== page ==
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There are plenty of successful franchises operating in Canada today that are not based in Canada. However, they do come with their own unique set of considerations. If you are interested in an international franchise, keep the following firmly in mind before you sign that agreement.
In your franchise search, you may have come across the term "international light." Some franchises use this term to describe a US-to-Canada move because the two counties share many of the same business laws and lifestyles.
While it may seem like a "light" move to buy an American franchise in Canada, you still need to treat the entire process as if you were buying from a foreign country. There are going to be differences and unique hurdles to cross, and you don't want to be caught off guard by any of them.
Research is critical in any franchise selection process, but it's exceptionally crucial when you are buying an international franchise. There are going to be details, nuances and many intricacies for you to consider before you buy, and it's proper research that will bring all that to light before you invest.
If your international franchise sells products, you need to check into the supply chain logistics. Food products, for example, will need entirely different product labels in Canada than they have in other countries, and this could add to your cost and time. If the brand is known for using specific elements or ingredients in a product, you and the franchisor will need to find vendors that have the element or ingredient at a similar price point in Canada.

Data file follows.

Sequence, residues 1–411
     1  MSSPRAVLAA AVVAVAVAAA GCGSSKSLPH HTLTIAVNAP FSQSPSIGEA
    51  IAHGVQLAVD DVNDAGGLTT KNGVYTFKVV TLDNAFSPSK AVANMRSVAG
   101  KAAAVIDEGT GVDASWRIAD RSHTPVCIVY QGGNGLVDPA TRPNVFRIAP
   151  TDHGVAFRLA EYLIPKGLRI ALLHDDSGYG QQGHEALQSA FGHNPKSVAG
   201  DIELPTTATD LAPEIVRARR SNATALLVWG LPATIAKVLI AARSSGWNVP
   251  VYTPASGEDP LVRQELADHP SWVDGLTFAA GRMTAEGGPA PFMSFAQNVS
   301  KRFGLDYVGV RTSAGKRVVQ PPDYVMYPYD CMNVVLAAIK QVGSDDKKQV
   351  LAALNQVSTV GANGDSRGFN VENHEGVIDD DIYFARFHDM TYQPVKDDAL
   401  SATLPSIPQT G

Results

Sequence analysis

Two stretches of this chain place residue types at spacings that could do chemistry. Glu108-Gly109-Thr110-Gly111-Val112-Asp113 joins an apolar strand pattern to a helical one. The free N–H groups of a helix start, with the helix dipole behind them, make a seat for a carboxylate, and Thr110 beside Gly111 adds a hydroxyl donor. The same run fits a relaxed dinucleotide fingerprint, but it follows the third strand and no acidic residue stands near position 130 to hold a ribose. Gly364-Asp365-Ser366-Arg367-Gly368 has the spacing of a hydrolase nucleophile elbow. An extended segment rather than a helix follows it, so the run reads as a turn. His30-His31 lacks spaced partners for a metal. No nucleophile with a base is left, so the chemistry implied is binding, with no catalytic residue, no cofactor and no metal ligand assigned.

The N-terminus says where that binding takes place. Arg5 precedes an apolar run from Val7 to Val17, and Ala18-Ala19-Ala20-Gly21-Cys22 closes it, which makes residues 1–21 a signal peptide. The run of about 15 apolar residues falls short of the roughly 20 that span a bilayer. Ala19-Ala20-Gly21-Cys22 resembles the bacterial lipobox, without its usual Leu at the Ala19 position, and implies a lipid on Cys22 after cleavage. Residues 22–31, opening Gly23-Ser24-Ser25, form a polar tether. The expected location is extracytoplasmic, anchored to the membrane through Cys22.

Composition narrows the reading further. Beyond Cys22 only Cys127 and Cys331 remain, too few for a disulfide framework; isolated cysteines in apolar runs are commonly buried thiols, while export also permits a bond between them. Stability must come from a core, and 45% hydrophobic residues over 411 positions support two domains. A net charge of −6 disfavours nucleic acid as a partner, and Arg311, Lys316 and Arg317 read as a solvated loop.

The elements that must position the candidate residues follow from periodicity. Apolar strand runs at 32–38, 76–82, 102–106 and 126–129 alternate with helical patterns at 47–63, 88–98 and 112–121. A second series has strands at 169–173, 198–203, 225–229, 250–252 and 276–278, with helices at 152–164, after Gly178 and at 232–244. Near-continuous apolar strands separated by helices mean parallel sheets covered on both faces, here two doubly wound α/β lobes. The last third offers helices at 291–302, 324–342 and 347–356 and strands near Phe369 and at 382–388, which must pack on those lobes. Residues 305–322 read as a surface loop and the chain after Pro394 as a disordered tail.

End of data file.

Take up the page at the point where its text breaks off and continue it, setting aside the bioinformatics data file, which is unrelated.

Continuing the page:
Unique details of a product can be expensive. If you are going to be the first franchisor with this brand in Canada, expect supply chain wrinkles. If the franchisor is already in Canada, you still may have to deal with higher costs because the franchisor needs to adjust the liquid capital requirements to account for known operational hurdles. This is not necessarily bad, but it's still something you will need to consider ahead of time.
Whether a person visits your franchise in Canada or another location that is in the franchise's home country, their experience needs to be the same. If, for example, your franchise is from America and steeped in US tradition, you'll have to maintain that branding. You will not have as much flexibility when it comes to adapting the brand to a Canadian market. While the US branding will likely appeal to some demographics, it's important to keep this in mind as you consider your target audience and how you will reach them.
An international brand may very well be the right franchise fit for you. However, it's important to keep in mind everything that is involved with owning an international franchise in Canada before you make your final decision.